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Cauliflower Ear

The term cauliflower ear refers to a deformity of the ear caused by blunt trauma or other injury, such as what may occur during a boxing or wrestling match. Left untreated, the injury leads to a blockage that prevents blood flow and damages tissue. This results in a bumpy or lumpy appearance on part of the ear, similar to a cauliflower. Early treatment can help prevent permanent deformity.cauliflower ear

Fortunately, the types of injuries that cause cauliflower ear are often preventable by wearing the right type of protective head gear.

Causes of Cauliflower Ear

The most common cause of cauliflower ear is a hit to the ear -- or repeated hits to the ear -- that leads to hematomas, or small collections of blood that clot and block the flow of blood and nutrients. These can also occur when skin is pulled away from cartilage, the semi-rigid tissue that gives the ear its shape.

Usually, cauliflower ear is related to sports injuries, but not always. Any trauma to the ear can cause it. Cauliflower ear can even be the result of an infection in the ear lobe.

When blood flow is blocked, the affected cartilage may die and, without the supportive tissue, fold in on itself. Scar tissue may form, contributing to a swollen and deformed look. Over time, the effects may become more prominent, and they may be permanent. The good news is that cauliflower ear can usually be prevented, even after such an injury occurs.

Risk Factors for Cauliflower Ear

Cauliflower ear occurs most frequently in people who participate in close-contact sports, such as wrestling or boxing. In wrestling, for instance, trauma can result from opponents' heads rubbing or hitting one another during matches or from contact with the wrestling mat. Cauliflower ear is also common among rugby players and people who practice martial arts. People who participate in these activities are at higher risk than others. Protective head gear has long been commonplace in these sports.

But these injuries can also occur in non-athletes. They may be the result of accidents or physical altercations. They also can be a complication of "high" piercings in the upper area of the ear, through the cartilage, if the piercing becomes infected.

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Symptoms of Cauliflower Ear

The initial symptoms of the types of injuries that lead to cauliflower ear are similar to the symptoms one might experience from blunt trauma elsewhere in the body. You may have swelling, and the area may be red or bruised. So it's important not to shrug off such symptoms if you have received a blow, or multiple blows, to the ear. Prompt treatment can prevent the development of cauliflower ear. But it must be performed before the tissue is compromised by lack of blood flow.

Treatment of Cauliflower Ear

If you experience an injury that causes a blockage in the tissues of your ear, there's still a chance you can avoid developing cauliflower ear. The goal of treatment is to ease the blockage so that blood can again flow to the affected tissues.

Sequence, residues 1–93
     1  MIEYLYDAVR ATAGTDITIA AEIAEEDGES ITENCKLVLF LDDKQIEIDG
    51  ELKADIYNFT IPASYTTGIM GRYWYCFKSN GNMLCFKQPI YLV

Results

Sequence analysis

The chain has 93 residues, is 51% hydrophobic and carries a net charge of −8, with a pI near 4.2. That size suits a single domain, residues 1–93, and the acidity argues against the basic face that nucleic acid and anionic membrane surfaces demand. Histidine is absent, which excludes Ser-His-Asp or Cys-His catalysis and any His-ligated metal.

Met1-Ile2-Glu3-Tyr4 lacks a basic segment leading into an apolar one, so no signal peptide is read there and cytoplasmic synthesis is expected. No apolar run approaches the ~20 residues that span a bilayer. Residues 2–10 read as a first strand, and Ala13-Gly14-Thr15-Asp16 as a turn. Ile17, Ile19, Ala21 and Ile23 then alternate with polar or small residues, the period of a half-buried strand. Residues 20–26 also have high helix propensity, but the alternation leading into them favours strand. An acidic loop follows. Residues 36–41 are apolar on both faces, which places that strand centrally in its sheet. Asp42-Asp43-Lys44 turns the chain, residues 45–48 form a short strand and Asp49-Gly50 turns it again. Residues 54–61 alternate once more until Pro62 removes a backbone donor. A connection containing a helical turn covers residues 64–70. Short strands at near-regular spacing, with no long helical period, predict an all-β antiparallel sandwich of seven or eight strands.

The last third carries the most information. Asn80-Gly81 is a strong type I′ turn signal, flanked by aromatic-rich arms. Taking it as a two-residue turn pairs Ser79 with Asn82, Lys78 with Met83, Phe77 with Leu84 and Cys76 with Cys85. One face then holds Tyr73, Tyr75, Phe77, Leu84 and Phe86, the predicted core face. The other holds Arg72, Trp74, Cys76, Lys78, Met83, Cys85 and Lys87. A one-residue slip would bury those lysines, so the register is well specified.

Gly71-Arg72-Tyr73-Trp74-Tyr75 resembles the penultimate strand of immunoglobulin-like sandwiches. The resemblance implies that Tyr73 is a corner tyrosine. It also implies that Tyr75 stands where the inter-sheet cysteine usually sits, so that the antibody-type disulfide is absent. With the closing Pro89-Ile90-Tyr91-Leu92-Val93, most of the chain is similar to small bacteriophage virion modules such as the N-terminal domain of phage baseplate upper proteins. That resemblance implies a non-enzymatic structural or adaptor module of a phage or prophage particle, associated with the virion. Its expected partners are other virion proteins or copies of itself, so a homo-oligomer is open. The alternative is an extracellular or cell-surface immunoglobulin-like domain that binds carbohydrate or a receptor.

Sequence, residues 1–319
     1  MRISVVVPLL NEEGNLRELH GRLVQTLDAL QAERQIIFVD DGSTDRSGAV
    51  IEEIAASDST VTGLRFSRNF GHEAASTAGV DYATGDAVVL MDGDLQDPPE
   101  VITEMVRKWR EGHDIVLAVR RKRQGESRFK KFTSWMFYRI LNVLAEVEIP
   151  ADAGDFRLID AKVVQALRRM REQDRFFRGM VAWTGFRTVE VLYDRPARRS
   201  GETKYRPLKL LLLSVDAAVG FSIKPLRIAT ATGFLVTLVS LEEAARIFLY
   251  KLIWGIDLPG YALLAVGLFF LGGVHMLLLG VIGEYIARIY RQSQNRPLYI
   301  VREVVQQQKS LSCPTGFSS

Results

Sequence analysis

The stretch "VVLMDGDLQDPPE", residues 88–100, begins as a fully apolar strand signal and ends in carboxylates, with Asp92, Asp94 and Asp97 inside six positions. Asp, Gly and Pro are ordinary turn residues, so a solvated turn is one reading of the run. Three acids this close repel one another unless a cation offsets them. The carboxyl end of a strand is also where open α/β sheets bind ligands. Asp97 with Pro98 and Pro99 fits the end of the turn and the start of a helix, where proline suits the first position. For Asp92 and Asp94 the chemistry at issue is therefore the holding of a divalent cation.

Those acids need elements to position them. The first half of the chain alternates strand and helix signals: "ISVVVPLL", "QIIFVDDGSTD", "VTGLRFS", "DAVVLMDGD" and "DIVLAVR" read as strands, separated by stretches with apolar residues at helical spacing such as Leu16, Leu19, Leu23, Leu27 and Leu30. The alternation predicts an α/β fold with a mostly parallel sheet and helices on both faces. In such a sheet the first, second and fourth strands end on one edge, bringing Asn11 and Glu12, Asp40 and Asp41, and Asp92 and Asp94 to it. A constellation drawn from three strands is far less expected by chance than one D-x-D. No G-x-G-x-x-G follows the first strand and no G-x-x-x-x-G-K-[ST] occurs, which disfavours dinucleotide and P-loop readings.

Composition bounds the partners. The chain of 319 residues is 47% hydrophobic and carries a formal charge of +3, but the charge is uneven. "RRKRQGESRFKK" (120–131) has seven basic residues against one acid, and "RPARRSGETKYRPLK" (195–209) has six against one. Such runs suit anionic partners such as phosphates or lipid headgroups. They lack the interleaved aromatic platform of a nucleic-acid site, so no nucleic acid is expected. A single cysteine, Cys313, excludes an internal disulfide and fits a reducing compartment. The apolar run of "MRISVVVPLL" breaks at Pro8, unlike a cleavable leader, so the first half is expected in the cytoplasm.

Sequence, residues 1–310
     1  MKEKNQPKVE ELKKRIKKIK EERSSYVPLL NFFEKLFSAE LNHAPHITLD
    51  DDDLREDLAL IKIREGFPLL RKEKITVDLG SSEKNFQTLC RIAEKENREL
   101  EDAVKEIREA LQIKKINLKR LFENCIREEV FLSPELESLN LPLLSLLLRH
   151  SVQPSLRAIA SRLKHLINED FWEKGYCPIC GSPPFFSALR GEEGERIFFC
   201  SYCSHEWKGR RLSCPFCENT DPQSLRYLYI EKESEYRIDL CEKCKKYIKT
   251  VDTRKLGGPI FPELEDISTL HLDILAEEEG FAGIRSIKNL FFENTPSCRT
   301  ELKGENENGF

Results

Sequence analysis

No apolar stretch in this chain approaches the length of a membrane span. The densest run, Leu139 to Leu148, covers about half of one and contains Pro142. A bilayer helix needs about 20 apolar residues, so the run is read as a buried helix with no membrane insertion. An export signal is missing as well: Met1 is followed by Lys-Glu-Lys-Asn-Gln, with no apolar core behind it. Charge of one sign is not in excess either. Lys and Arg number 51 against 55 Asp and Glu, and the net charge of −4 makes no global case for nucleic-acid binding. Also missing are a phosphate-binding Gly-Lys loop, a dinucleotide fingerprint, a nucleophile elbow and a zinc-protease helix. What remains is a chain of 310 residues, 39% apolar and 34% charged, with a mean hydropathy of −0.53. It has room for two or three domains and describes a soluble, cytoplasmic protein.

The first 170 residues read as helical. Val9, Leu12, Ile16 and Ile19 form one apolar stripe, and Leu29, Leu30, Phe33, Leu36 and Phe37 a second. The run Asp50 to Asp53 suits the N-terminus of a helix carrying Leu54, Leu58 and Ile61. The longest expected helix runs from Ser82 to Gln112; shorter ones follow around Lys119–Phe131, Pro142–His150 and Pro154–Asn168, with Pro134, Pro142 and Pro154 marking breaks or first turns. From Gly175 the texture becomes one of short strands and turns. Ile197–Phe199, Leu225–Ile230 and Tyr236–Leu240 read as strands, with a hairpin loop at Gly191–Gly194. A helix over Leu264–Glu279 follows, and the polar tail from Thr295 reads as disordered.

A doctor can accomplish this by making a small incision and draining accumulating blood or removing a clot and preventing further bleeding. He or she may need to reconnect tissues using stitches and apply a special bandage to put pressure on the area. This pressure dressing may need to stay in place for several days to a week. The site will require monitoring for signs of infection or signs that additional treatment may be needed. Your doctor may also prescribe antibiotics.

Prevention of Cauliflower Ear

The most important thing you can do to prevent cauliflower ear is to wear the appropriate head gear when engaging in activities that increase your risk for ear trauma, such as wrestling, boxing, rugby, and other close-contact sports. It's crucial to get a proper fit for protective head gear. A helmet that's too loose can slip out of place, leaving you vulnerable to injury. One that's too tight may itself be damaging to the ears, especially as you repeatedly rub it against your ears putting it on and taking it off.

Athletes should remember to use protective gear during practices. And those thinking about high ear piercings may want to talk with their doctor first.

Another important step in the prevention of cauliflower ear is to be aware of the risks and to have a doctor evaluate any trauma to the ear, even if it seems superficial. Treatment can help prevent the unsightly, often permanent, cosmetic effects of cauliflower ear. But it has to be done very soon after the injury occurs to be effective.

WebMD Medical Reference Reviewed by Stephanie S. Gardner, MD on September 15, 2015

Sources

SOURCES:

Nemours Foundation: "What's Cauliflower Ear?"

The Merck Manuals Online Medical Library: "External Ear Trauma."

British Medical Journal: "'High' Ear Piercing and the Rising Incidence of Perichondritis of the Pinna."

Nationwide Children's Hospital, Sports Medicine: "Cauliflower Ear."

ENT Today, Official Publication of the Triological Society (American Laryngological, Rhinological and Otological Society): "Incision, Repair of Ear Hematoma Recommended."

Rakel: Textbook of Family Medicine, 8th ed.; Chapter 19.

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